Boxing Rules: Amateur Boxing and Professional Boxing

In boxing we have two different sets of boxing rules:

1. Rules for Amateur boxing matches,
2. Rules for professional boxing.

It is important to say that there are different types of boxing rules for each type of boxing in different countries, not to mention that in the Olympics there is a different set of boxing rules that govern the sport.

Professional Boxing Rules & Amateur Boxing Rules
There are three differences in the rules of boxing that govern professional and amateur boxing.

1. Number of rounds
2. Duration (time) of each round
3. The way the referee decides each round

Weight Classes
There are nine weight classes, and the class of a boxer is determined by body weight. The nine weight classes are the following:

Straw weight,
Fly weight,
Bantam weight,
Feather weight,
Light heavyweight,

The boxing match takes place in a square ring. The ring size for amateur matches is 16 – 20 square feet and for professional boxing is 16 to 24 square feet. Also the ring floor should have felt or foam  วิจารณ์มวย rubber covered by canvas.

Boxer’s equipment
Before entering the ring the boxer should wrap his/her hands with cloth bandages, and then put on leather gloves. Note that in some US states, there are gloves without thumbs in order to reduce potential eye injury. Boxers wear trunks and boxing shoes. Finally a mouthpiece is worn in order to protect the teeth, and an athletic cup to protect the groin area from hits below the belt. The main difference between amateur and professional matches is that in amateur matches boxers wear protective head gear but not in professional fights.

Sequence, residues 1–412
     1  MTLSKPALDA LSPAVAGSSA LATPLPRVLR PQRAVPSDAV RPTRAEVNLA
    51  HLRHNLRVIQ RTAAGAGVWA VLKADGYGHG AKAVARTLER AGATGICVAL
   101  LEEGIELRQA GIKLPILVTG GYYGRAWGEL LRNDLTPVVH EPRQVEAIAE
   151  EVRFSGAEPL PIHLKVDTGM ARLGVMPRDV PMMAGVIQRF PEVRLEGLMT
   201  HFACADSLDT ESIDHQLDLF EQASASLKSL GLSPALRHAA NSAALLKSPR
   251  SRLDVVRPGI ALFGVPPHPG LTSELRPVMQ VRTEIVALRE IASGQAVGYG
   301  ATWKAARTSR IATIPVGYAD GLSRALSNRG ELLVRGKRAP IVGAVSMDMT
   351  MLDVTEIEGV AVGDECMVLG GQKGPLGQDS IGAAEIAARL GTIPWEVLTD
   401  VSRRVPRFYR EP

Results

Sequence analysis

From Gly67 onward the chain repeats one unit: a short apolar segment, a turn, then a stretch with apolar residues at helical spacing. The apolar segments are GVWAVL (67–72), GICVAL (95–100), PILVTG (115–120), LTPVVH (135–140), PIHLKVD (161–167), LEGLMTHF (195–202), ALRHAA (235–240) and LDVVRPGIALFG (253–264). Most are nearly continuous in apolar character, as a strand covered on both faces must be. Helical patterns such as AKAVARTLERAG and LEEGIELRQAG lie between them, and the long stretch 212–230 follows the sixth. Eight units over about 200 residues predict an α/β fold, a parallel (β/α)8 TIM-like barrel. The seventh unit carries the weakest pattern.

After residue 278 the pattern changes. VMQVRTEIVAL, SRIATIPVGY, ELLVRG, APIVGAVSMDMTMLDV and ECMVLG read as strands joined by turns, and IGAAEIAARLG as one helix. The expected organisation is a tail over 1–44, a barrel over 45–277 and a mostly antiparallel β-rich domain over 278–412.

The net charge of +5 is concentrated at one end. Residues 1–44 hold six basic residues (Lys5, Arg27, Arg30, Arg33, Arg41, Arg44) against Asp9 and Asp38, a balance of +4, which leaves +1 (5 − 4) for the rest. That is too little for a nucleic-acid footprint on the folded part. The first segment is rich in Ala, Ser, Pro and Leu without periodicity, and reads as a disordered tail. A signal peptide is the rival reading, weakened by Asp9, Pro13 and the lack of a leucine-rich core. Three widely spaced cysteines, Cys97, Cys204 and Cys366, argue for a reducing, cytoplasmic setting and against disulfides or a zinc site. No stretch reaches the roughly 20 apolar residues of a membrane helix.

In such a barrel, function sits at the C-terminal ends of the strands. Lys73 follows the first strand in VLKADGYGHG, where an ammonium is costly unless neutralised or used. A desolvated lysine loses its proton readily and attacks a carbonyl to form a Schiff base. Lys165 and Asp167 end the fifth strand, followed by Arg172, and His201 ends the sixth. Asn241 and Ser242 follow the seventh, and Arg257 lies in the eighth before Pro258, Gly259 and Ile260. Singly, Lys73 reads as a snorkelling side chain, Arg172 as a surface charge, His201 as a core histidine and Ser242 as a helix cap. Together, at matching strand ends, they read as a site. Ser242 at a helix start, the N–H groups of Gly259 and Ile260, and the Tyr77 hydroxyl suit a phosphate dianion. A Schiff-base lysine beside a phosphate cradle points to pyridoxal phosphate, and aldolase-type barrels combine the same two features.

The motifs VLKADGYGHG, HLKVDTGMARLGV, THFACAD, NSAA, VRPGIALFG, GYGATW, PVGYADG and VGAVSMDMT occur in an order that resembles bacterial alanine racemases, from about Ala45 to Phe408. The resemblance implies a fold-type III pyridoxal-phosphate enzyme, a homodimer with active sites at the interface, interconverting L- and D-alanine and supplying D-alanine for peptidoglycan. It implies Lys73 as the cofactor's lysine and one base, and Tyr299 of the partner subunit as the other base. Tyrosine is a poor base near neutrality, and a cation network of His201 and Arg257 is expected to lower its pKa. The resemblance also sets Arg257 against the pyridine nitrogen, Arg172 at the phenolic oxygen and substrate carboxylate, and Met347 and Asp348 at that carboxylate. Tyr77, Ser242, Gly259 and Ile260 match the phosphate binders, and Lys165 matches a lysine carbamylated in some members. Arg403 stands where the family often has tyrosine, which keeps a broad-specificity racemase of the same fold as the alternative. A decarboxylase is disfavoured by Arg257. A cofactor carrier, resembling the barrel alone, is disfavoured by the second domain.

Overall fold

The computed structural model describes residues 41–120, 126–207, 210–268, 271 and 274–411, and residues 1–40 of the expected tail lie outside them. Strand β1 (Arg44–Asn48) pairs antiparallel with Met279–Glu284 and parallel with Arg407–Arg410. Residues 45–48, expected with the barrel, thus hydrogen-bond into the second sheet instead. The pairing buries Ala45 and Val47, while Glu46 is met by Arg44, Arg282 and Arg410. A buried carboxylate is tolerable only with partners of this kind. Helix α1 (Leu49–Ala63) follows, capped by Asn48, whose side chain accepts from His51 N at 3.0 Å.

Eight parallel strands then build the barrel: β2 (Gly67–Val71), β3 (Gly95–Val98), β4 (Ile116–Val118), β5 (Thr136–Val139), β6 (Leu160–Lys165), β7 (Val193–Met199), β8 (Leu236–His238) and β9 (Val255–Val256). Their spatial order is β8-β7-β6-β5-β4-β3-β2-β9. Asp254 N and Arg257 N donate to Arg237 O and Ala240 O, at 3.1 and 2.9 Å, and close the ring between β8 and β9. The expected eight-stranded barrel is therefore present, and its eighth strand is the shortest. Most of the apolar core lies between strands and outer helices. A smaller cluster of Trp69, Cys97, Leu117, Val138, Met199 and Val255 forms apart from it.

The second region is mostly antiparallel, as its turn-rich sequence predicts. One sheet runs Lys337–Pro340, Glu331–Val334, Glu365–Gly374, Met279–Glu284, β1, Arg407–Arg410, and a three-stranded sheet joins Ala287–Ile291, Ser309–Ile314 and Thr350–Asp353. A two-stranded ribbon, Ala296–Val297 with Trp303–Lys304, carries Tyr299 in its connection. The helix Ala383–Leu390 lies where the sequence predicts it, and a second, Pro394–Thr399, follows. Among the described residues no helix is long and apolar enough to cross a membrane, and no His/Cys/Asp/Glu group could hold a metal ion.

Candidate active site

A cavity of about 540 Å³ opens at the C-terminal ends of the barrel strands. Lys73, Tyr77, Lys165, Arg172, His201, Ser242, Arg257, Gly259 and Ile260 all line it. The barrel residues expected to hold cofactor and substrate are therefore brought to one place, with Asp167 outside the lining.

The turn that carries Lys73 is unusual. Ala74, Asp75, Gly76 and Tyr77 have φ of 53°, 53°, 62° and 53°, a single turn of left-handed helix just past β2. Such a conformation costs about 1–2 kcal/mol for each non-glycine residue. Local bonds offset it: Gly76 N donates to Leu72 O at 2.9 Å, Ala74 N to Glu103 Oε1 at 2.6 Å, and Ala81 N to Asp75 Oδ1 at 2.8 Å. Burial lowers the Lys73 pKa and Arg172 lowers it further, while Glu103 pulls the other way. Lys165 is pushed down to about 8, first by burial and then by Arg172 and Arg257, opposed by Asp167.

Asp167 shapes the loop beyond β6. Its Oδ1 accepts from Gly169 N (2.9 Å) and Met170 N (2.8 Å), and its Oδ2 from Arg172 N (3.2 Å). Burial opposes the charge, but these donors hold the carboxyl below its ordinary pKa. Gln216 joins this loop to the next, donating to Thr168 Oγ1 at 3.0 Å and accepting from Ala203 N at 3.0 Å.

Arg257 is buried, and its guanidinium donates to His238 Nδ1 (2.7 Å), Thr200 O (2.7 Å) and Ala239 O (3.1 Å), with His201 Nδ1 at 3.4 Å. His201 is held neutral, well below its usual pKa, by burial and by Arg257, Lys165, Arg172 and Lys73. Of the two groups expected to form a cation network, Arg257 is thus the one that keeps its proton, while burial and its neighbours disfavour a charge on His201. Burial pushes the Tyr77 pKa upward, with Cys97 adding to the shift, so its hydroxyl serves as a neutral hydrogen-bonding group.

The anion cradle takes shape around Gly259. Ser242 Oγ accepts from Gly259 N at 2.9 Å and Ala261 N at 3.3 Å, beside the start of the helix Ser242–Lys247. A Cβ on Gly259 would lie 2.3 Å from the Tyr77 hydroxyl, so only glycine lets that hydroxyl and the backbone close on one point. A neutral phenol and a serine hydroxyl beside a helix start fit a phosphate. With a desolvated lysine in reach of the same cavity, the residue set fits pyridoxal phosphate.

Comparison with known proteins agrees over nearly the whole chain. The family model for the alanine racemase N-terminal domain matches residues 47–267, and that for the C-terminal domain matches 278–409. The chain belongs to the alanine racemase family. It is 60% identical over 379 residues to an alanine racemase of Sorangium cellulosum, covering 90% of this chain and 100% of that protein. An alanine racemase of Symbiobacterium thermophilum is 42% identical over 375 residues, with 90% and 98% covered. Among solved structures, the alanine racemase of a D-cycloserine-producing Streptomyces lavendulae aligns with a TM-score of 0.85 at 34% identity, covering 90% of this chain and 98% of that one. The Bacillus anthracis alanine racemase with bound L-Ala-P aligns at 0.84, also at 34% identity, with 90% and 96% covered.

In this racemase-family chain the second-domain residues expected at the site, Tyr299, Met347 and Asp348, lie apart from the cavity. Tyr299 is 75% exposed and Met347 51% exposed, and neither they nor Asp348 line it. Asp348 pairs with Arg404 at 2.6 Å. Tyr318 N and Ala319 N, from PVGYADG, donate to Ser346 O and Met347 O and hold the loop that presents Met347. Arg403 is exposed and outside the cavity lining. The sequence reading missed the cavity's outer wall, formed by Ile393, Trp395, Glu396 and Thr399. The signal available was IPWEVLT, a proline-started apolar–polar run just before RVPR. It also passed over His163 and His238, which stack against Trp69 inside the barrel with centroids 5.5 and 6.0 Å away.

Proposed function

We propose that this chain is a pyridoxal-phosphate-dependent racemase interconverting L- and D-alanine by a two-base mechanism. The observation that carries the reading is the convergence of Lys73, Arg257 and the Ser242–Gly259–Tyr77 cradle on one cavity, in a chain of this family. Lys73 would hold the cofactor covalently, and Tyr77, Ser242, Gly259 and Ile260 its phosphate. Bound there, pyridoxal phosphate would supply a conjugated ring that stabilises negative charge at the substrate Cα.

Number of Rounds
Another major difference between amateur and professional boxing is the number of rounds and their duration. In professional matches the number of rounds is between 4 to 15 rounds, and last three minutes each with a one minute break between rounds. In amateur matches the number of rounds is three rounds and last three minutes each, or five rounds that last two minutes each.

Deciding the winner
Before the fight starts each boxer is assigned a corner that he/she and his/her coaches and managers use between rounds. When a boxer is knocked down, the referee begins the count and if the boxer gets back up before the referee reaches the count of ten, the fight continues. In case when one boxer is knocked down, the other boxer must go to the farthest neutral corner. (Note that the assigned corners are not neutral corners).

In some cases in professional boxing there is a mandatory eight count, which means that the fight cannot resume until the referee reaches a count of eight. On the other hand in amateur boxing, if a boxer is knocked down three times in one round, the other boxer wins on a TKO (technical knockout). Also if the referee reaches the ten-count after a knockdown, the other boxer wins.

Another way in deciding the winner is by points scored by the judges aka decision. In professional boxing a match can end in a draw meaning no declared winner, but that cannot happen in amateur boxing matches. The decision is based on a point system or a round system. The round system has the judges individually determining a winner after each round. At the end of the fight, the boxer who won the most rounds, as judged individually by the judges, wins the match.

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